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The Last Waltz: An Advance Review of Season Five of Friday Night Lights

Well, this is it: the beginning of the end.

After four seasons of emotionally resonant drama, a nuanced exploration of life in small town Texas, and one of the most realistic portrayals of marriage ever, television masterpiece Friday Night Lights is heading towards the its final days, beginning with this week's thrilling and evocative season premiere ("Expectations"), written by David Hudgins and directed by Michael Waxman.

It's not surprising that "Expectations" had me getting choked up no less than four times over the course of 40-odd minutes, as characters made their farewells and prepared to leave Dillon behind. While their goodbyes might be temporary, it was a canny way of signaling to the audience that the final parting is still to come, that with just a dozen or so episodes left, there would be no going back to Dillon.

The first two episodes of the fifth and final season--"Expectations" and next week's installment ("On the Outside Looking In"), written by Kerry Ehrin and directed by Michael Waxman--contain an aura of both sadness and hope.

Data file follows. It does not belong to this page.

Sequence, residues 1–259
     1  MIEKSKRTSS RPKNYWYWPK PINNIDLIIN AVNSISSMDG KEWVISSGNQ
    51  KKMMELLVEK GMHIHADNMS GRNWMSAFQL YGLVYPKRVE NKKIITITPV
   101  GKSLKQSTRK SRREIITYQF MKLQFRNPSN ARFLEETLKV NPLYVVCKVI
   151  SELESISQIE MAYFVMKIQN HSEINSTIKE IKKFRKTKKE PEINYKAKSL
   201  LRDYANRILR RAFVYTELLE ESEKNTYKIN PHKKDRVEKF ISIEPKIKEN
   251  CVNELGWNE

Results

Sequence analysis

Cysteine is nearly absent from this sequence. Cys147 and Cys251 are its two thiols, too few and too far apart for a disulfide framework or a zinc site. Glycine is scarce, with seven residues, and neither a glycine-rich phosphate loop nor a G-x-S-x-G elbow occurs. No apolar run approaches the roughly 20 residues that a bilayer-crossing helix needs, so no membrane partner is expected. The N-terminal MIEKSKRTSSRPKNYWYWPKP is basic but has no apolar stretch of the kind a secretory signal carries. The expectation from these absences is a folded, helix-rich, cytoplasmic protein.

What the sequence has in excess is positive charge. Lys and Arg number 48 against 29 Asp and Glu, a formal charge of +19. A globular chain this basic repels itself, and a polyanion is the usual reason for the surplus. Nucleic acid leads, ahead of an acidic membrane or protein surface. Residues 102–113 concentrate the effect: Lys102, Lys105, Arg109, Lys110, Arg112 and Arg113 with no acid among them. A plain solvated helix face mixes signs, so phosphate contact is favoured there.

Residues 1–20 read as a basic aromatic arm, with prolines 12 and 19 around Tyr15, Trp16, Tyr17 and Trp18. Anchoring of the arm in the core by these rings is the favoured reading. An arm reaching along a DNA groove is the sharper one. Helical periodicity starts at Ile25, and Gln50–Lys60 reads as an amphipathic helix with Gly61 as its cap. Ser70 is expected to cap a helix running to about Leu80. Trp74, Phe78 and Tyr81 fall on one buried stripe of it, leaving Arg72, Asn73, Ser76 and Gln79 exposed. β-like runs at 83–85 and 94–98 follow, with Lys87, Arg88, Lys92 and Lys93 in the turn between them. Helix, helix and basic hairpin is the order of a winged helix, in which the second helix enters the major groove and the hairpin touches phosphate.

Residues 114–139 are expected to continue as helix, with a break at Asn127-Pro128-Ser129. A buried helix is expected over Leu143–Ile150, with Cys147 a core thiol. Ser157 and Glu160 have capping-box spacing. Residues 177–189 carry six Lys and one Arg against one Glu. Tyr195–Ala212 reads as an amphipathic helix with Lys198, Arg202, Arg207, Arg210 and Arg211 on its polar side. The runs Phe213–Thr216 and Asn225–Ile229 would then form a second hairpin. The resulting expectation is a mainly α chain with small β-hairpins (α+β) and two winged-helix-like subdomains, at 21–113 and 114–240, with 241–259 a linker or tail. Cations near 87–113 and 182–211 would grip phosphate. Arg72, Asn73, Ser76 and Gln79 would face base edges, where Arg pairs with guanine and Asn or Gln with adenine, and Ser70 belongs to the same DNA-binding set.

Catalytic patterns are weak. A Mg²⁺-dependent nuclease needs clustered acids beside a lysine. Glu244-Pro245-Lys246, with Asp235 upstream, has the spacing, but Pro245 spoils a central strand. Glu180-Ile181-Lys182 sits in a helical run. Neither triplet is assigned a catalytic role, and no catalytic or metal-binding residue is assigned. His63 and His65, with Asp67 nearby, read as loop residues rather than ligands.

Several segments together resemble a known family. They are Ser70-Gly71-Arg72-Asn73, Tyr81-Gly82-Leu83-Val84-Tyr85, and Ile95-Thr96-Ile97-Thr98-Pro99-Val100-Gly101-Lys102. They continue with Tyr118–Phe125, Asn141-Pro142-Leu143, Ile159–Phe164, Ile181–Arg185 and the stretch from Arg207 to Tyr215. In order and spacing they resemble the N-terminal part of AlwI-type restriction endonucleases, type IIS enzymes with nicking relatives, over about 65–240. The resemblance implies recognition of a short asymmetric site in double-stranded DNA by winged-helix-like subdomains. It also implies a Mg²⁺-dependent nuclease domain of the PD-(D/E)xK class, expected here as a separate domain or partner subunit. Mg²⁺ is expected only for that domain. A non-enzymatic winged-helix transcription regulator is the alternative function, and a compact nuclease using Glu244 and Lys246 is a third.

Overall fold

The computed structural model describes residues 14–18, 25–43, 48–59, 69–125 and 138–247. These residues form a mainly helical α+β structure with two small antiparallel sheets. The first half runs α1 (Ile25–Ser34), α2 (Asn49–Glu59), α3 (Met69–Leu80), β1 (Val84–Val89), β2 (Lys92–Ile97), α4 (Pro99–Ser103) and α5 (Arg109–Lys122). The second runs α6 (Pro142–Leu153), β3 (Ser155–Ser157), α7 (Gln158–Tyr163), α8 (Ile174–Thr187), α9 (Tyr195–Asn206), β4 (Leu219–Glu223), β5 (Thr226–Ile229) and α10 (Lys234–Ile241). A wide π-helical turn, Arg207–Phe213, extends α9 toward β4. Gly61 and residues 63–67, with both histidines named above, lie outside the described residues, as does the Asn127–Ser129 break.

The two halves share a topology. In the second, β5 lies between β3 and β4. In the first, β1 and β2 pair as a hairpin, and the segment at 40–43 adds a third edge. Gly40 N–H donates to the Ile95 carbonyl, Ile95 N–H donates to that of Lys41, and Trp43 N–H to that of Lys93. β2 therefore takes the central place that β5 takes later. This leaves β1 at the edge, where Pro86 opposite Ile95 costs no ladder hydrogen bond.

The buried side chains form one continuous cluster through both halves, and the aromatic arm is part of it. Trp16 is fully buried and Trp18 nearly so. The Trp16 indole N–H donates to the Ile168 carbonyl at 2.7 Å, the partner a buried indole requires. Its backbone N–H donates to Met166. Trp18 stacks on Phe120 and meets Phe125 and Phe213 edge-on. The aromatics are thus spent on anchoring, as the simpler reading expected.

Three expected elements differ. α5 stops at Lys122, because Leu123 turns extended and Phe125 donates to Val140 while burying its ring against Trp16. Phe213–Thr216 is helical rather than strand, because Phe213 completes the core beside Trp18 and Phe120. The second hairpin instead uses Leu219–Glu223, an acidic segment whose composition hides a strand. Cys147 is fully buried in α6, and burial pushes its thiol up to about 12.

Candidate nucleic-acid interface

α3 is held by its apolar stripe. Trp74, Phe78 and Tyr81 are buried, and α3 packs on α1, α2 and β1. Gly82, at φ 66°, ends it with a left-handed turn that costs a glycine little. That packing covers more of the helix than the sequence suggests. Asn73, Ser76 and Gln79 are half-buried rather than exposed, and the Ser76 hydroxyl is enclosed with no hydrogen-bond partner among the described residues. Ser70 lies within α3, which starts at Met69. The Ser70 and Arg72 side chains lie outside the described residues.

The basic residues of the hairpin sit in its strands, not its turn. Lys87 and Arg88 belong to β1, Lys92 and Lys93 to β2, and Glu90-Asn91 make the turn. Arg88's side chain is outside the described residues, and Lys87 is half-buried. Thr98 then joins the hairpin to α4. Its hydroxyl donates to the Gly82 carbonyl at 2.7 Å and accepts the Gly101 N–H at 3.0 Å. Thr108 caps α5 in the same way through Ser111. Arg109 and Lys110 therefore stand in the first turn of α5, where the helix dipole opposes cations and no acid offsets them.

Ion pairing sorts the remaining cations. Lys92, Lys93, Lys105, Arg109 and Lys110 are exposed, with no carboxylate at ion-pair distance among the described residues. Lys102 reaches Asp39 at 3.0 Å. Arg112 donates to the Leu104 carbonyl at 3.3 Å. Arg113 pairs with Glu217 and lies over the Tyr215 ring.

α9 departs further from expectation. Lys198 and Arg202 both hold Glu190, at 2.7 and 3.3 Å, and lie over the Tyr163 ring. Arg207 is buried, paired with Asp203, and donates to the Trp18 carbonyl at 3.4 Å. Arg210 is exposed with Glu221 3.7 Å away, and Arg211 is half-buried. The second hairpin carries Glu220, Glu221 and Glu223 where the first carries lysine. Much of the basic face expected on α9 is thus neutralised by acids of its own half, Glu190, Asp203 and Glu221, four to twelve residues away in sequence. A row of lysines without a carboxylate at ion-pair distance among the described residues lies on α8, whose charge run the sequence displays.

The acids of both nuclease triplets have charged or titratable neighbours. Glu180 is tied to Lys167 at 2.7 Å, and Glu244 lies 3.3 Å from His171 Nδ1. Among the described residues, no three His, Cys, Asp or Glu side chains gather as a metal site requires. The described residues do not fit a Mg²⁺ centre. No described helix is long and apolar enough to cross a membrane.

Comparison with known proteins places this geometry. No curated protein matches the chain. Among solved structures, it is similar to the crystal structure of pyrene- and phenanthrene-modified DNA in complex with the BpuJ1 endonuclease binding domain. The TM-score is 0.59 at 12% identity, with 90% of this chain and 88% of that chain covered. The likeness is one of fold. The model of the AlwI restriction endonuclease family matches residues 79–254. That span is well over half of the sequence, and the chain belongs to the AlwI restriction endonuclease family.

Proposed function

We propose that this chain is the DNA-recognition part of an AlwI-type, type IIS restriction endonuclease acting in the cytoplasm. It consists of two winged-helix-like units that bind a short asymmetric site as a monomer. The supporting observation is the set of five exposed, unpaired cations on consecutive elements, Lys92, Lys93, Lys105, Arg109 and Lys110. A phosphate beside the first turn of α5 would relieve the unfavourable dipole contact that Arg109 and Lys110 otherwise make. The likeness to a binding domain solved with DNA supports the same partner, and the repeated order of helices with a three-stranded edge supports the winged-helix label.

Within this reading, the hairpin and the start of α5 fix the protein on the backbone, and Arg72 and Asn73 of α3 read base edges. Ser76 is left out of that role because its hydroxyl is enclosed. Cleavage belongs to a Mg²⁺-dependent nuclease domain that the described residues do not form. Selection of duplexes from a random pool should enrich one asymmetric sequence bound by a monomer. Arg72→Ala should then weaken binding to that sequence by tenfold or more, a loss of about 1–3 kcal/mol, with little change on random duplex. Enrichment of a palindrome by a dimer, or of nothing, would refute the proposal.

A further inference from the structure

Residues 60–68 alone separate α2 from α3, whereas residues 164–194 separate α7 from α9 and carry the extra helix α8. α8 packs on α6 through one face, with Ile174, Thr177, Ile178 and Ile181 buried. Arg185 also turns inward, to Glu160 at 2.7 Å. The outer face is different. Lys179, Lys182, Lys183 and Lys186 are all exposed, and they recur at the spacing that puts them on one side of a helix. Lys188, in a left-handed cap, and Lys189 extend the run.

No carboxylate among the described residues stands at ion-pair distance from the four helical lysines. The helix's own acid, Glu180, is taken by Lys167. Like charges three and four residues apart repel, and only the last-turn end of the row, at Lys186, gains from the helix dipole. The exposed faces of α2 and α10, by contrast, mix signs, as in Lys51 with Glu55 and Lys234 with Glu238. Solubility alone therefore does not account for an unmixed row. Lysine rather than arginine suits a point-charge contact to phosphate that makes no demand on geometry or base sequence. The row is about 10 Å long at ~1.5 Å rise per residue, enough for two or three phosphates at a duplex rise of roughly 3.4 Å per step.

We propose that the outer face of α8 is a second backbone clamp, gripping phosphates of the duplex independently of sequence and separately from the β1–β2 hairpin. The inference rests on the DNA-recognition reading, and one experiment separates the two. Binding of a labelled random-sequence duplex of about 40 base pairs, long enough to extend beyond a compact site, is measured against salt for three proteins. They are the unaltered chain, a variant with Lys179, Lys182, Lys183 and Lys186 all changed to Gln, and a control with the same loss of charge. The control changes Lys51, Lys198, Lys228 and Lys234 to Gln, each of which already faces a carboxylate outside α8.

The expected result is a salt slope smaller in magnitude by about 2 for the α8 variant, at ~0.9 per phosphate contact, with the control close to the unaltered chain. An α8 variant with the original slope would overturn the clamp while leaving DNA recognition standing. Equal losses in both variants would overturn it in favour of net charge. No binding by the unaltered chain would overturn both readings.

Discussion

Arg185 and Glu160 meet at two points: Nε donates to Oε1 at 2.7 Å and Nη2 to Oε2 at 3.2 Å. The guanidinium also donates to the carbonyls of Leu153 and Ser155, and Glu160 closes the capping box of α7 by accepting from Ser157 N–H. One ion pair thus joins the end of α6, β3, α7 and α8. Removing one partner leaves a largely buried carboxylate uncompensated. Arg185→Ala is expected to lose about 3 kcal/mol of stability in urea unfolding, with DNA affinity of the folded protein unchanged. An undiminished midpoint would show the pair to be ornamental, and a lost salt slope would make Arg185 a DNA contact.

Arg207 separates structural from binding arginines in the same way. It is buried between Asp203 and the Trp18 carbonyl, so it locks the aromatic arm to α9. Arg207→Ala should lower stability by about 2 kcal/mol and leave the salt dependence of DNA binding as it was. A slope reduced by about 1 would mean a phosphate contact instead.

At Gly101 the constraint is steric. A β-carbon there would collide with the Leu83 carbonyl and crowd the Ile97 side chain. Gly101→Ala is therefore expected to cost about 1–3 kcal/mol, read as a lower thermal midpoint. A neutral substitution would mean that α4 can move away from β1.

Which is fitting as there is a lot of change afoot in just the first hour alone, as Landry (Jesse Plemons) and Julie (Aimee Teegarden) prepare to leave for college and Eric (Kyle Chandler) and Tami (Connie Britton) grapple with new professional challenges (including, for Tami, one hell of a high-risk student), while also attempting to come to terms with Julie growing up and leaving home.

But everyone has to deal with some new circumstances, some of which are inherently challenging. There's trouble at home for Becky (Madison Burge), who has to deal with a sudden change in her family life as well as feelings of isolation and abandonment. Jess (Jurnee Smollett) attempts to raise her little brothers now that her dad is on the road launching multiple franchises of his BBQ restaurant. Billy (Derek Phillips) and Mindy (Stacey Oristano) have troubles of their own, not the least of which is Billy's crushing guilt over Tim (Taylor Kitsch) still being in prison and further changes at the Riggins household.

What else did I think about the first two episodes of Season Five?

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